Tuesday, February 9, 2010

Bourbon Thoughts

By: Gill O’Teen

I have learned through expensive on-going research that some Bourbons are definitely better than others. These stand up well when swallowed straight with no added water or ice. To my tongue these have a bit of age, a minimum of 6 years, and a bit of germ-killer, at least 45 ABV (90 proof). Some whisk(e)y experts recommend that when tasting such a product for the first time, it's best to add a drop of water in order to release the full wonders of its taste and smell. But there are other Bourbons which in order to trick my tongue into thinking they are as tasty as Ridgemont Reserve 1792, Wild Turkey Rare Breed, Knob Creek, Makers Mark or a dozen other first class spirits, may require a bit more boost. To my taste, 80 Proof (40% ABV) Bourbons such as Jim Beam (white label) and Old Crow need a flavor assist for me to enjoy them.

Now I am not an expert on making whisk(e)y by any criteria. When it comes to my opinion I am reminded of the old Monty Python skit in which some old ladies were visiting the local art museum. They were literally eating the expensive paintings. One said to the other, “I may not know art, but I know what I like.” But why would ABV play such an important part in the taste of Bourbon? I believe it has to do with water. With a distilled liquor, basically if it’s not alcohol, it’s water. Distillers like to sell their beverages at a certain proof level, which might have something to do with how the gum’mint’s outrageous excise taxes are calculated. Do you realize that when you purchase any alcoholic liquid, you pay sales tax on the excise tax. If a barrel contains a supply of spirit with an ABV higher than the target, sufficient water is added to dilute the alcohol. This newly added water was not aged in any container other than the nearest water supply and so lacks the flavors imparted to the rest of the liquid by a magical charred white oak barrel. That’s why, in general, I find cask or barrel strength whisk(e)ies tastiest. Blended whisk(e)ies retain their flavor by blended higher ABV product with that having lower ABV, which may be why 80 Proof Scotch tastes better on my tongue than its American cousin.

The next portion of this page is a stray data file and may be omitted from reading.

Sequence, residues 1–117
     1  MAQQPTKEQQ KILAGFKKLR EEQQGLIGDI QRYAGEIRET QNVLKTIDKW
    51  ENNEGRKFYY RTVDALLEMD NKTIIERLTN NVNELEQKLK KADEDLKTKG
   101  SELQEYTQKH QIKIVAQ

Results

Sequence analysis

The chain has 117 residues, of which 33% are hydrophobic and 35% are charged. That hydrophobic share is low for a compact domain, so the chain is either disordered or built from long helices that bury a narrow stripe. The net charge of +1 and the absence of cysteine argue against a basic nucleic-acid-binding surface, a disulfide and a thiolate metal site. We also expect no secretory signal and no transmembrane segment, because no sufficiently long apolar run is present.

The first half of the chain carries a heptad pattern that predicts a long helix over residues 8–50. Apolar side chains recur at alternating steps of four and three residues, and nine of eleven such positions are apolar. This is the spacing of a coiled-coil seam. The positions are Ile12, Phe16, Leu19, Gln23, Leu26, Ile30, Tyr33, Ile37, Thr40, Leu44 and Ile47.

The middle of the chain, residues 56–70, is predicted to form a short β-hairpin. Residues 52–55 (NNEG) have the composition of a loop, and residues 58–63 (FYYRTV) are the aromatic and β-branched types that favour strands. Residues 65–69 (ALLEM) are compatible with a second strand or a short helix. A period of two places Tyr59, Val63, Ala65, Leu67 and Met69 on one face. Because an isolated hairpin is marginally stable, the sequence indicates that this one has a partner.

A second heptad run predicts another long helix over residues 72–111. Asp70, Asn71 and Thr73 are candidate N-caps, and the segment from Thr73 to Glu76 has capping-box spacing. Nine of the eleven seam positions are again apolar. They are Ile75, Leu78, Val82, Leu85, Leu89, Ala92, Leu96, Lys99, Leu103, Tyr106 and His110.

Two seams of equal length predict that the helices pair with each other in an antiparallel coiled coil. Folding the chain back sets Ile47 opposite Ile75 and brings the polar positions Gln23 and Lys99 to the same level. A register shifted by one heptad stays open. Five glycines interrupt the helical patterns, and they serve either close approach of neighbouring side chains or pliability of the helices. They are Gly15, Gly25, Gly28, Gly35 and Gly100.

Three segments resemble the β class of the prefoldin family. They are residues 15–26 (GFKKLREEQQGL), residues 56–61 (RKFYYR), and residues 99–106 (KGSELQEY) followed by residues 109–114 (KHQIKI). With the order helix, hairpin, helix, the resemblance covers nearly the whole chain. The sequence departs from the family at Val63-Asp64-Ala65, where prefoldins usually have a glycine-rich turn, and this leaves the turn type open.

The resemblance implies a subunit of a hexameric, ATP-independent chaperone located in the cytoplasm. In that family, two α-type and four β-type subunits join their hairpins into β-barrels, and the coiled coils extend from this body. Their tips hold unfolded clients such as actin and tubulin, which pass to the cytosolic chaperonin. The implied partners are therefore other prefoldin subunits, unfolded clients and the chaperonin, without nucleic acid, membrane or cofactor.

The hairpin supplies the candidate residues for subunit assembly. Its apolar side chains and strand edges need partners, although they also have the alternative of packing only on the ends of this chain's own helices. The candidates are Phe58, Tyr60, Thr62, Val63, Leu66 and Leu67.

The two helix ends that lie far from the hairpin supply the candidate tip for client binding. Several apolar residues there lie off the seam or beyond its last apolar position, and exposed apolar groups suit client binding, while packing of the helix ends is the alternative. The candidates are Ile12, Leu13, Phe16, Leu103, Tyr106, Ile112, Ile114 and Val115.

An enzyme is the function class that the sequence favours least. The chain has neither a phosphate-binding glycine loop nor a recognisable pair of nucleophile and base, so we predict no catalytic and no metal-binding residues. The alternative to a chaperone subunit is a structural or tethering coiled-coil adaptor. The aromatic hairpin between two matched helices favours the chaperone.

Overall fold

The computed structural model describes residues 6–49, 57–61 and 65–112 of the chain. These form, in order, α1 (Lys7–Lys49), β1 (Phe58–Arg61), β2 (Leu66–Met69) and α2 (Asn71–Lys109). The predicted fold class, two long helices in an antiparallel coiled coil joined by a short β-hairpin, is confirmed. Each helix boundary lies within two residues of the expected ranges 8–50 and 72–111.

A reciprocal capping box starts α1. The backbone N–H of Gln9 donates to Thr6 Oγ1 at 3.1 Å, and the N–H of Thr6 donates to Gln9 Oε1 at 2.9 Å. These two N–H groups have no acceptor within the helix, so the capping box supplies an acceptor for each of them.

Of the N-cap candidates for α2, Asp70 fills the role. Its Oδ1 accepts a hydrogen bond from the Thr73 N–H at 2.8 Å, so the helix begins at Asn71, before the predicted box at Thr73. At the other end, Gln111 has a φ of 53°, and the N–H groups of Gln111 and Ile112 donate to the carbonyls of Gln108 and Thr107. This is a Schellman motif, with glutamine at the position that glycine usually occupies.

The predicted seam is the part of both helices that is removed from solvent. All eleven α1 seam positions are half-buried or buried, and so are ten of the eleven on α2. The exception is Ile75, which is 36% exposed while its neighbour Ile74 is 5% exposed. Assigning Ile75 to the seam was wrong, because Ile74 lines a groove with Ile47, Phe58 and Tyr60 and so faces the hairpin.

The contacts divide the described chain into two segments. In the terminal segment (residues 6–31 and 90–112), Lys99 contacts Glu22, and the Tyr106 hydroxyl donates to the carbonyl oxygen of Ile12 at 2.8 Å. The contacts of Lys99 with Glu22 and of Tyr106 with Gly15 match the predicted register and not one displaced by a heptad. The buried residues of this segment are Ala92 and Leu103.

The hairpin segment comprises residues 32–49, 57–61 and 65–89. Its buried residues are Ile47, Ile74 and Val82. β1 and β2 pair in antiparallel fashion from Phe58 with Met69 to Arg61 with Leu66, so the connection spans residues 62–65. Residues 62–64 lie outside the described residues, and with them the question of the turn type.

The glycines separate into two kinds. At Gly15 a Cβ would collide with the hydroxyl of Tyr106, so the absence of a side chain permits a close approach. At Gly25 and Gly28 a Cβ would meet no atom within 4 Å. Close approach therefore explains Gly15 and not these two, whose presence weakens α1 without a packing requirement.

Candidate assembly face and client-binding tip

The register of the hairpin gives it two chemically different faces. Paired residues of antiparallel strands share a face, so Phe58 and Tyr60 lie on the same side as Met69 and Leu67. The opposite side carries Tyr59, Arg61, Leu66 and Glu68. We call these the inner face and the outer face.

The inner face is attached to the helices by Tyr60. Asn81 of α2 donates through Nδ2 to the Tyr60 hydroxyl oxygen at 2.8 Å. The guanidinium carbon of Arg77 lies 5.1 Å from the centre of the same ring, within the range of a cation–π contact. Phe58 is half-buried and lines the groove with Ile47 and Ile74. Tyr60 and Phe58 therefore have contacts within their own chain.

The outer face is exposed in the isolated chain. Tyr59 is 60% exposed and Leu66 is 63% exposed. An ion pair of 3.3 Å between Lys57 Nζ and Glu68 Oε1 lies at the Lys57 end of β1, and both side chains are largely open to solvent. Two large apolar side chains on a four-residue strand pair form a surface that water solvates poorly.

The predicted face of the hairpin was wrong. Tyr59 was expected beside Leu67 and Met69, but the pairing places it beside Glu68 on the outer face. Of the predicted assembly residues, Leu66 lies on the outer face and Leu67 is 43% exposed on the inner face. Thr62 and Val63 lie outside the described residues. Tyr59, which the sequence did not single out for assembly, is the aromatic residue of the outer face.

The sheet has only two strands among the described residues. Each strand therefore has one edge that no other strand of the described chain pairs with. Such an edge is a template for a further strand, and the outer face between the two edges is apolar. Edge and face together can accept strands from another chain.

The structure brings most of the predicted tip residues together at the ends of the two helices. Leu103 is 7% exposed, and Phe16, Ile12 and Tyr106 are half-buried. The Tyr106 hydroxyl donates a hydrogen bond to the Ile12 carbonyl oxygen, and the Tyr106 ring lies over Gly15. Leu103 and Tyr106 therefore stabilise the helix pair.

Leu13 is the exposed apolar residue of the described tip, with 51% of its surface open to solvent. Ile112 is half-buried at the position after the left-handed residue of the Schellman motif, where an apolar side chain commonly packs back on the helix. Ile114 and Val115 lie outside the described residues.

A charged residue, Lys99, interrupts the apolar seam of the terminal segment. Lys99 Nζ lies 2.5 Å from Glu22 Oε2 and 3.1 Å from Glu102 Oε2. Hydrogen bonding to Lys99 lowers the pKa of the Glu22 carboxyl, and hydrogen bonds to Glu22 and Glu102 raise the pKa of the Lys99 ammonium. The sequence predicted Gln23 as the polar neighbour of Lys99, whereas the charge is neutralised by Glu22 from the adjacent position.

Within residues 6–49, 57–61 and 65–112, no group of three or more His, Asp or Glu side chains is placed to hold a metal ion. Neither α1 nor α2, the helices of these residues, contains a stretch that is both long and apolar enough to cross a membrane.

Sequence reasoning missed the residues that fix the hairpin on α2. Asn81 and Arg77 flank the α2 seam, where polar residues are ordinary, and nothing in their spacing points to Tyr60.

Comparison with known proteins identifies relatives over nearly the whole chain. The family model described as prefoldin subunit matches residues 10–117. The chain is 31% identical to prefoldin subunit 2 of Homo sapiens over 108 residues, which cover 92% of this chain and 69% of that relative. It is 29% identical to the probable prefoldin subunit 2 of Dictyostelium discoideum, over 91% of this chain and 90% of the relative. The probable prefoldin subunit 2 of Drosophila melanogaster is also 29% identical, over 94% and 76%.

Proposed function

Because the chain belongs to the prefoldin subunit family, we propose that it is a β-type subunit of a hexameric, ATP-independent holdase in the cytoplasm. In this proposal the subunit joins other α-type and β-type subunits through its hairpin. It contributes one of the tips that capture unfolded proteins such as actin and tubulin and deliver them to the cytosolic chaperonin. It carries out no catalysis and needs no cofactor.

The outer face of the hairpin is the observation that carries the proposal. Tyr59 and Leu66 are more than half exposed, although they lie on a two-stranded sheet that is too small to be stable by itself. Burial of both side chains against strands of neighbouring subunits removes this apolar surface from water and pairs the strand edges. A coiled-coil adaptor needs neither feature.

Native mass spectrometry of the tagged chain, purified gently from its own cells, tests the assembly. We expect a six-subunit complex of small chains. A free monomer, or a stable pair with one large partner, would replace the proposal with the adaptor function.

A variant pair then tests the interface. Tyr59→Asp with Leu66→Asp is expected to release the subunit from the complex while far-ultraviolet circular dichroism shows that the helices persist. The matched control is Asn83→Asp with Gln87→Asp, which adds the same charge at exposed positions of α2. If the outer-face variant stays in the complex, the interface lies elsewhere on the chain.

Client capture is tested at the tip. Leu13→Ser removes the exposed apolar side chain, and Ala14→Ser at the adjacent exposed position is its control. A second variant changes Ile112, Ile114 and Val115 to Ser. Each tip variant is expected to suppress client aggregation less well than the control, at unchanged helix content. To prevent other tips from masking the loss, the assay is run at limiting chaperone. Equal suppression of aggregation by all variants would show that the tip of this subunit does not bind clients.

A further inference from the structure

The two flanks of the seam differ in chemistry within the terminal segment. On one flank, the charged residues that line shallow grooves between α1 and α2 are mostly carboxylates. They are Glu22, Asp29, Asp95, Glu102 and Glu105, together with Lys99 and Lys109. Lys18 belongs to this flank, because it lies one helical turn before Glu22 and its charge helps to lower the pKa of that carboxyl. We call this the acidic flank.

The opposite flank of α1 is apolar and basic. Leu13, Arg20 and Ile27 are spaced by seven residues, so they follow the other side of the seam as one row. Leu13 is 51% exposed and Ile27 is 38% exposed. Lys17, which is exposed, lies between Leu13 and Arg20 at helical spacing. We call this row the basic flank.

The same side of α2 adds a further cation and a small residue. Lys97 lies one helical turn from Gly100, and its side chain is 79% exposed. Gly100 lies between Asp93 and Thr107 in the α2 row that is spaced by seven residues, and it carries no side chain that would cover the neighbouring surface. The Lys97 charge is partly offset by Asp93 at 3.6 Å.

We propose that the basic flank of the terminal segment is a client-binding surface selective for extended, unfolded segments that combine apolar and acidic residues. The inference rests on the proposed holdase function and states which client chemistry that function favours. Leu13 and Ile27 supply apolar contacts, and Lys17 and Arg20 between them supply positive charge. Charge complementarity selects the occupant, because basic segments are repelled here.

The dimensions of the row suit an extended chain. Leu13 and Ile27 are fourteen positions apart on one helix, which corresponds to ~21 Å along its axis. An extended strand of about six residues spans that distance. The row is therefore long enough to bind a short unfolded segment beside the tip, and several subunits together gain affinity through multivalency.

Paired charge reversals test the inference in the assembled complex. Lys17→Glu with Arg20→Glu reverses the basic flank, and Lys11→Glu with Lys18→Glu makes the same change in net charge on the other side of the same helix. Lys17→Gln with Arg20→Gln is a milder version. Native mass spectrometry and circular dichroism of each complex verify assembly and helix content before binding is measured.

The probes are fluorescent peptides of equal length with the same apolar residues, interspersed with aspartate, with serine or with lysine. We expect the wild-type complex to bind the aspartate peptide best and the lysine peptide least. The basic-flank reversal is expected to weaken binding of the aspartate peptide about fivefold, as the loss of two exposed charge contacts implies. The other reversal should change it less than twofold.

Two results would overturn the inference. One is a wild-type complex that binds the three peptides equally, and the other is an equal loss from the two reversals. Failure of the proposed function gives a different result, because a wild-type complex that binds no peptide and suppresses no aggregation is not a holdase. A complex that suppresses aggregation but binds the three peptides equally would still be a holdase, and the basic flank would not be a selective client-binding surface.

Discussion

Last Fall, I visited a ‘legal’ moonshine distillery. I think that’s an oxymoron. It’s master distiller told me that the gum’mint of his state mandates that his product be sold at 80 proof. Mathematically inclined folks know that this means 60% of his whiskey is not alcohol. Essentially moonshine, white lightning, white mule or whatever it’s called in various locales is simply unaged condensation. This liquid consists of practically all alcohol and water. This means his ‘shine’ is mostly water because if it comes out of the still at a proof higher than the law allows, it must be diluted with water to make it legal. Say it comes out of the still at a healthy 125 proof such as Frankfort Kentucky’s Buffalo Trace Distillery’s White Dog Mash #1 (actually I don’t know at what proof it exits the still, that’s the proof of the bottled fluid), then to reduce it’s proof to that other state’s legal limit, the moonshiner mentioned earlier must add 422 ml of water to 750 ml of product to keep his license to bottle and sell. So to my thinking the higher the proof, the less added water and the more tasty the potion.